Even in retirement, Ibsen still stuck to a schedule. From 1:20pm to 2pm, and again from 6 to 7:30, you could invariably find him reading the newspaper at Oslo’s Grand Cafe. (His friend Edvard Munch painted him sitting there, paper in hand.) Although he lightened up on the food restriction of his more productive days, his meal was always the same: a sandwich, a beer and a honey-cake, the same kind he saved up his pennies for as a child at the fair.

This past fall, after 140 years, the Grand Cafe closed its doors, its patrons’ cake-eating afternoon routines forever disrupted. Those daily rituals can make us more productive, helping us feel as secure and at home as Ibsen in his cafe chair. But they can also bind us, blinding us to other possibilities we’ve never explored. For this New Year, may you discover a new Grand Cafe, a place where you’re a little more at ease, and where there is always cake.

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Ibsen Honeycake Recipe

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Laura Ingalls Wilder: Gingerbread Cake with Chocolate Icing

Wilder Gingerbread Cupcakes

There’s an old story in my family, one of those anecdotes that gets told to every dinner guest, about a Thanksgiving 25 years ago. A sleepy three-year-old me burst into tears in front of my dessert plate. When asked what was wrong, I sobbed: “I can’t decided whether to eat my pie or my ice cream first.”

I don’t cry about it anymore, but the weight of dessert decisions still bears heavy on my mind, especially when faced with the cornucopia of the holidays. It’s a feeling that might sound familiar to Almanzo in Farmer Boythe second installment of Laura Ingalls Wilder’s Little House series. “When he began to eat pie, he wished he had eaten nothing else. He ate a piece of pumpkin pie and a piece of custard pie, and he ate almost a piece of vinegar pie. He tried a piece of mince pie, but could not finish it. He just couldn’t do it. There were berry pies and cream pies and vinegar pies and raisin pies, but he could not eat any more.” Do you eat your pumpkin pie or your custard pie first? It’s an impossible question.

My mom read the Little House series to me until I was old enough to dive into them myself, and (as many have noted) the food scenes still stand out—for good reason. Wilder was writing from her experience as a seasoned cook on her own farm, the basis for her books. “All the work of the farm centers in the farmer’s wife’s kitchen,” she wrote in an early column for The Missouri Ruralist, essays that germinated the idea for the children’s series. “[It] must be more than merely a kitchen. It is the place where house and barn meet, often in pitched battle.”

Wilder’s kitchen was a flurry of activity: “I skim milk, make butter, and cook bran mashes for the chickens and potato pairings for the hogs in mine,” she wrote. It also had to accommodate a variety of non-cooking uses. When re-doing the kitchen, her plans included storage for chicken feed buckets and pigs’ swill. The entire budget for her kitchen renovation? $49.84. HGTV would have a heart attack.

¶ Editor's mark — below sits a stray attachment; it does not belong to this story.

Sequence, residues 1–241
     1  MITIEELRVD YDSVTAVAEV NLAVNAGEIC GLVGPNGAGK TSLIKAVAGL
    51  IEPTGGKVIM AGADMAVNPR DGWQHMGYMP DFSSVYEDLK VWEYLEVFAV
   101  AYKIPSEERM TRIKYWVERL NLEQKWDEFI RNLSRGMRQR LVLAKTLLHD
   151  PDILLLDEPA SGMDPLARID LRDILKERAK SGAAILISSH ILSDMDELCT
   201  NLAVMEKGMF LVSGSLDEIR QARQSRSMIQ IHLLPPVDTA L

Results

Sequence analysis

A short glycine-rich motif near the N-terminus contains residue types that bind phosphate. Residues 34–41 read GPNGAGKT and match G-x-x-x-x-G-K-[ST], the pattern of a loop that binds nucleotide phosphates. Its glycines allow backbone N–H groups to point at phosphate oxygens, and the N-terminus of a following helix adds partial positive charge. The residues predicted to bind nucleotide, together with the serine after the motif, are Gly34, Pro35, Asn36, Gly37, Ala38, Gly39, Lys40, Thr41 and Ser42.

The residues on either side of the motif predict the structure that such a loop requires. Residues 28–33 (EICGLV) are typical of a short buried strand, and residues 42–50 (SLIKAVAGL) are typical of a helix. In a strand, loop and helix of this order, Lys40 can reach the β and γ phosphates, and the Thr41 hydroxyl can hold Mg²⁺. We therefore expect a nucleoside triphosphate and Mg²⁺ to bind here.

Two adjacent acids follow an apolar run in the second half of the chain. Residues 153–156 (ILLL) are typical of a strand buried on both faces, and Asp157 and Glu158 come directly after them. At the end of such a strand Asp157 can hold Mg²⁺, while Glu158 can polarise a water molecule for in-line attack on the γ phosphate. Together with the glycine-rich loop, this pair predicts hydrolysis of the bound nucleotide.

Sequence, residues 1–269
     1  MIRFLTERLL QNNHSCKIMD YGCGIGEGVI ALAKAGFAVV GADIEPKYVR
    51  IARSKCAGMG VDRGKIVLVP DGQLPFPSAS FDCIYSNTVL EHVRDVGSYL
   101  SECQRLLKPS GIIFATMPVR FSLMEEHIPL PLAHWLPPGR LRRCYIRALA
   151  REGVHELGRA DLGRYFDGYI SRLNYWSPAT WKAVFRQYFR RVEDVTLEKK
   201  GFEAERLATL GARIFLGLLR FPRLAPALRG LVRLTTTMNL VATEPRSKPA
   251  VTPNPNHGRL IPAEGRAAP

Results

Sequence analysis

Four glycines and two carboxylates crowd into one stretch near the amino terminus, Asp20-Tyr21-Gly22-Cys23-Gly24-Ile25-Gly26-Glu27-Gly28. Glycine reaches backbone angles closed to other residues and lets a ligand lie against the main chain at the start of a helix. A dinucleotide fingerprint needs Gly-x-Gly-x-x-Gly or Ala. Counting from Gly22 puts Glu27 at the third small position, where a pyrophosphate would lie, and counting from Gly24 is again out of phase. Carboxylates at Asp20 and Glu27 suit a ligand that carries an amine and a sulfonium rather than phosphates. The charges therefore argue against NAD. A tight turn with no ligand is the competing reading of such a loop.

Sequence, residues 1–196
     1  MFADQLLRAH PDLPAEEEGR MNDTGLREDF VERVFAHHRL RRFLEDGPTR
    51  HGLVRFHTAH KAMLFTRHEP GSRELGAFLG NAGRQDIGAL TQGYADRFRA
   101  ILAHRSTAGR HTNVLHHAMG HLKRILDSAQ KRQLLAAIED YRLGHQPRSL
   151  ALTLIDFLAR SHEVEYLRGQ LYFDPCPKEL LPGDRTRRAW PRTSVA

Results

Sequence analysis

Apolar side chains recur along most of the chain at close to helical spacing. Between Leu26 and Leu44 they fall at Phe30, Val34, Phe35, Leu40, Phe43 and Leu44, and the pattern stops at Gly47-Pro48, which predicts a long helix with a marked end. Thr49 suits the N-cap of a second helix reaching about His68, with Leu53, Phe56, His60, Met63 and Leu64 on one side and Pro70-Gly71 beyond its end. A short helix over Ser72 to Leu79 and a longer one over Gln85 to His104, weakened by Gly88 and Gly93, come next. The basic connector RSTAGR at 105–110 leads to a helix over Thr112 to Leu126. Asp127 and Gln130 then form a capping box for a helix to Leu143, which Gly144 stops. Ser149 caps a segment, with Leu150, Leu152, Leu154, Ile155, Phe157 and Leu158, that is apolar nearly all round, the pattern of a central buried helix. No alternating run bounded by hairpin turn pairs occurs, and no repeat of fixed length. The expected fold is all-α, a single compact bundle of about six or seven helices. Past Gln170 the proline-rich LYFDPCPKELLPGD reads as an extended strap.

On the farm, multiple dessert options wasn’t a problem—it was a necessity, in order to make it through a physically-demanding workday. Rose, Laura’s daughter, described her father’s typical breakfast: “Here are bowls of oatmeal, with whole pints of cream, large dishes of baked apples, the big blue platter full of sizzling ham, with many eggs disposed upon it; here are hot cakes piled by the tens and dozens, with melting butter and brown sugar between them, and hashed brown potatoes, Graham bread and white bread, fresh butter, honey, jam, milk and the steaming pot of coffee. Here are doughnuts or gingerbread to accompany the coffee cups’ second filling.”

One way to solve the problem of what to have for dessert is simply to have it at all times of day;on the prairie, instead of being seen as a sweet, gingerbread served year-round alongside the main meal, like a side of cornbread, as an aid to digestion. But Almonzo Wilder went a step further, embracing the idea of dessert for breakfast with “just one medium-size wedge of apple pie to top off the meal and finish the foundation for a good day’s work.” At this time of year, we’re all Farmer Boys at heart; when we begin to eat pie, there’s no stopping us.

Gingerbread cupcake recipe

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Jack Kerouac: Crêpes Suzette

Jack Kerouac Crepes Suzette Recipe

When was the last time you memorized a phone number? It’s been years since I learned a new one—just as I haven’t made much of an effort to brush up on multiplication tables, important historical dates, or birthdays (sorry, friends). But despite relying on my phone/the internet/Facebook for the bulk of my knowledge, I still memorize recipes. Having few great dishes tucked away in the back of your mind is, to me, far more useful than remembering how many pounds are in a kilo. These are the meals that come through in a pinch: the pasta that can save any failed dinner party, or that soup that you swear can cure a friend’s post-breakup broken heart.